WASHINGTON — With the White House's reluctant embrace on Sunday of Hamid Karzai as the winner of Afghanistan's suddenly moot presidential runoff, President Barack Obama faces a new complication: enabling a badly tarnished partner to regain enough legitimacy to help the United States find the way out of an 8-year-old war.
As the evidence mounted in late summer that Karzai's forces had sought to win re-election through widespread fraud to defeat his main challenger, Abdullah Abdullah, administration officials made no secret of their disgust. How do you consider sending tens of thousands of additional American troops, they asked in meetings in the White House, to prop up an Afghan government regarded as illegitimate by many of its own people?
The answer was supposed to be a runoff election. Now, administration officials argue that Karzai will have to regain that legitimacy by changing the way he governs, at a moment when he is politically weaker than at any time since 2001.
In the early days of Obama's presidency, he and his aides searched desperately for a plausible alternative to Karzai. They found none. Since the spring, there has been little doubt that Karzai would remain in the presidential palace after the election was over. The question was whether that election process would demonstrate that a desolate nation that has always been at the mercy of larger powers would show it could find its own way. Obama's decision in March to add 21,000 troops was justified in part by the need to assure a relatively peaceful, fair election. The idea was to bolster Karzai's credibility so his authority would reach beyond the capital, Kabul.
In the United States, Obama began scaling back America's ambitions. With the advice of his defense secretary, Robert Gates, he dropped the Bush-era talk of turning Afghanistan into a Western-style democracy. He avoided the word "victory," which Bush had used often. He narrowed the U.S. military objectives to destroying al-Qaida — which is thought to be based largely in neighboring Pakistan — while simply subverting the Taliban's ability to once again take over the Afghan state, as it did in the mid 1990s.
James Dobbins, who tried to formulate an Afghan approach for the Bush administration — and wrote of his frustrations as attention turned to Iraq — told Congress earlier this year that America's objective should be to "ensure that fewer innocent Afghans are killed next year than this year."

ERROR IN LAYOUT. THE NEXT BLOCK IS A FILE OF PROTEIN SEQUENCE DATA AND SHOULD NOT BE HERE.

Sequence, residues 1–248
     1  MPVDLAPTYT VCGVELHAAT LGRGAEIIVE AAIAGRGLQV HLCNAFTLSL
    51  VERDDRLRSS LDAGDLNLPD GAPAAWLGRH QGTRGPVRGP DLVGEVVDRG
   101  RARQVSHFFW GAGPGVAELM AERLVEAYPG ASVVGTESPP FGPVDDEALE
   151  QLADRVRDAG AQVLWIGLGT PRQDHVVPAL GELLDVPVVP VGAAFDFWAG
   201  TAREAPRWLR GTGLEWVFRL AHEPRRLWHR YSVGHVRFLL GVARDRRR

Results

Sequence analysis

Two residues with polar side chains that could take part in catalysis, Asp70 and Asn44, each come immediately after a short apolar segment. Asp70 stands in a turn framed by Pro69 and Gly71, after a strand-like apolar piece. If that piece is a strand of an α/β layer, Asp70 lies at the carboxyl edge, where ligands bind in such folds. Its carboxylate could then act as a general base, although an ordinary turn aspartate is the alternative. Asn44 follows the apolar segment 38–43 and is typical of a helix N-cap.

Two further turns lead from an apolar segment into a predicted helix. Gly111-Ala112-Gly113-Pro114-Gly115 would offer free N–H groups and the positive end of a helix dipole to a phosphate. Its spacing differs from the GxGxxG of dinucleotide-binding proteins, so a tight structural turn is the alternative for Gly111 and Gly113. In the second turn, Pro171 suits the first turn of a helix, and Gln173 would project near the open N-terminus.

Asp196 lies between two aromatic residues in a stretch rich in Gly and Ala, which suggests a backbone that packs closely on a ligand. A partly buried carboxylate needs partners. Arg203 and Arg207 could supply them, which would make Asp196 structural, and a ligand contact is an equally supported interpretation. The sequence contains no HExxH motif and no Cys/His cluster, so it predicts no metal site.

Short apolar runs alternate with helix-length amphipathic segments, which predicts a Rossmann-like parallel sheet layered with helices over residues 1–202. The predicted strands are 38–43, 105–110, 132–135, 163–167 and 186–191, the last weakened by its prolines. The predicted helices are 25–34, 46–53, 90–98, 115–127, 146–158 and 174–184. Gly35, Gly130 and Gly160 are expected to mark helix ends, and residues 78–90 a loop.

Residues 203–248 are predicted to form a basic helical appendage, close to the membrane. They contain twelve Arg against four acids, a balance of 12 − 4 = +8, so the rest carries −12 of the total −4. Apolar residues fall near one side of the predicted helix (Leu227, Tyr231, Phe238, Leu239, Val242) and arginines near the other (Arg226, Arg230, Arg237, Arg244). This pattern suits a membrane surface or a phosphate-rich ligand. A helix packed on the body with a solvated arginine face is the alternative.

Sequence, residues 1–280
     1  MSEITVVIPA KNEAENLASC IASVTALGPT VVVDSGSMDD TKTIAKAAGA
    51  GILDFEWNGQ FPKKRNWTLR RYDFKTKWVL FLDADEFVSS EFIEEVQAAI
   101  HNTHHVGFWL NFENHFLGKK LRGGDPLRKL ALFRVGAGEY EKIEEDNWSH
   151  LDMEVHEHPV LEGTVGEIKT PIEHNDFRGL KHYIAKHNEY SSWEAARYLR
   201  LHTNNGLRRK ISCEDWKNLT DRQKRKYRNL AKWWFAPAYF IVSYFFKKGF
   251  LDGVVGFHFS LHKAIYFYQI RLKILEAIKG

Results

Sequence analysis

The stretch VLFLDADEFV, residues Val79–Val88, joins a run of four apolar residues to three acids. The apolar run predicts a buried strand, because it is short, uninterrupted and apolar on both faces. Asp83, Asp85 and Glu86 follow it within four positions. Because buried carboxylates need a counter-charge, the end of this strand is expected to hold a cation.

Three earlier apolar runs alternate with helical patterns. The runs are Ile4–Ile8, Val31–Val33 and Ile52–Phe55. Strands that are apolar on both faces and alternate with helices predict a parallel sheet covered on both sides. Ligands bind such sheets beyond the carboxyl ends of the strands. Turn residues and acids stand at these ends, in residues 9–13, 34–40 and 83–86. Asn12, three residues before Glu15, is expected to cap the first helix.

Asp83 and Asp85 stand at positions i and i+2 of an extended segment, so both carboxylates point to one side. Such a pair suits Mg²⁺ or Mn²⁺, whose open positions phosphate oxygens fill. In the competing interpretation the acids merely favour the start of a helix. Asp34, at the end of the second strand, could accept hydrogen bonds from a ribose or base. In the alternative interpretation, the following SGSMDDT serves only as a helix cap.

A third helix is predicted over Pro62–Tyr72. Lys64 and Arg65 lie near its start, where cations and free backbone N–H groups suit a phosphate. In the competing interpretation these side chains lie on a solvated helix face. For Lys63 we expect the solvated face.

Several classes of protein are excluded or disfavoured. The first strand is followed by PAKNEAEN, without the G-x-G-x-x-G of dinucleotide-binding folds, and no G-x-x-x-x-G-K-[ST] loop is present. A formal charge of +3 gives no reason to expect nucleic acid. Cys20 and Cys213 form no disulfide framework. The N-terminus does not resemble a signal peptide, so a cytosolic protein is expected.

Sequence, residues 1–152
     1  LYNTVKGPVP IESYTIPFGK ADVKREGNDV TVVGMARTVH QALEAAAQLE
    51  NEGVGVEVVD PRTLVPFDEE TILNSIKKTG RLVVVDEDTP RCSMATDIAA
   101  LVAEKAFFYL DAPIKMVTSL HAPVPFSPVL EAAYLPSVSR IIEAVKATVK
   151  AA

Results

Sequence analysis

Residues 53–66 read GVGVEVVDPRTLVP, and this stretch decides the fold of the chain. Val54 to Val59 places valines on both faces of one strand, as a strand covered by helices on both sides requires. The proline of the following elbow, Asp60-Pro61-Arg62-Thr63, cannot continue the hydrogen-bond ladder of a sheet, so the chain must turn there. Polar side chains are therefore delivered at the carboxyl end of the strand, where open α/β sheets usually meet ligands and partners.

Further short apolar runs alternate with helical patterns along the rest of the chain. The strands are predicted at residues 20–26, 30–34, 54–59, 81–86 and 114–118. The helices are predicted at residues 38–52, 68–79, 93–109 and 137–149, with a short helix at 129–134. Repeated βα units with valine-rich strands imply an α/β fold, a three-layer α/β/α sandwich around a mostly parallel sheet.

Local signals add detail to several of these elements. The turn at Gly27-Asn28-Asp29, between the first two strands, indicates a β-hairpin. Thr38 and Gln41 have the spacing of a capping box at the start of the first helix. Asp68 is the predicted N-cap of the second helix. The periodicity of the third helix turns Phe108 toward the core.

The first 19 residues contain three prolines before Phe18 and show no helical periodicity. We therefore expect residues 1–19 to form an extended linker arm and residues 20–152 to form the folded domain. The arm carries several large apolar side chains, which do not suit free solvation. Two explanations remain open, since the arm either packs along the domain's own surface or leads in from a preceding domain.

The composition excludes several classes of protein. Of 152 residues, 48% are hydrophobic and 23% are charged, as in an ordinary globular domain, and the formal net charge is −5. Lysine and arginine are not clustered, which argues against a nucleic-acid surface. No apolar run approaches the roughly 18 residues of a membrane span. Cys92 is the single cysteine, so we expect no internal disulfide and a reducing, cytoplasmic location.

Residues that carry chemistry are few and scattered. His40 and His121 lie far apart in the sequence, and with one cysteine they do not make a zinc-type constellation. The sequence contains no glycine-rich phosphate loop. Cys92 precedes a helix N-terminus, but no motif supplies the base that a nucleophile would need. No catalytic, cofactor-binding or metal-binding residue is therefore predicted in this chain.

"In a counterinsurgency campaign," he said, "this is the difference between winning and losing."
But even Obama's most limited goals require a legitimate government in Kabul, one with the authority to manage the army and to rebuild a police force whose reputation for incompetence is matched only by its habits of corruption. It also needs the ability to install competent governors and spend Western aid effectively.
Before the election was effectively ended Sunday with Abdullah's emotional withdrawal from Saturday's runoff — "I will not participate in the Nov. 7 election," he said, because a "transparent election is not possible" — Obama asked his national security aides and the State Department to come up with an agenda they could press on Karzai. It included reaching out to political opponents, cleaning out the worst of his governors and ministers, and announcing a major new push on corruption. And it included peeling away — through whatever inducements work — the least committed of the Taliban, or at least those with no links to al-Qaida.
"If this is to be a turning point," said Sen. John Kerry, chairman of the Senate Foreign Relations Committee, who helped twist Karzai's arm to go along with a runoff, "we must strengthen the capacity of the Afghan government and insist that its leaders embrace lasting reforms."
The United States has already spent nearly a quarter-trillion dollars in Afghanistan, all the while talking about those lasting reforms. The Bush administration made periodic efforts to warn Karzai that his family's reputed links to corruption threatened his government. It sent mission after mission to teach good governance, some of which succeeded and some of which ran into what former Secretary of State Condoleezza Rice called "the Afghan allergy" to dictates from foreign occupiers.
For eight years, America and its allies have struggled to train an Afghan army; while it has a force of more than 90,000, U.S. commanders put the number of troops who can sustain themselves in a fight at closer to 50,000.
And in the end, that force — an Afghan army that can be trusted to defend the central government — is Obama's route out of the country. If, at the end of this election saga, that army emerges as a trusted one, able to control significant areas of the country with the cooperation of local tribal leaders who have always ruled the territory, Obama may be able to declare that it cannot again be overrun by the Taliban and al-Qaida. Then he could pull back from what he termed over the summer a "war of necessity."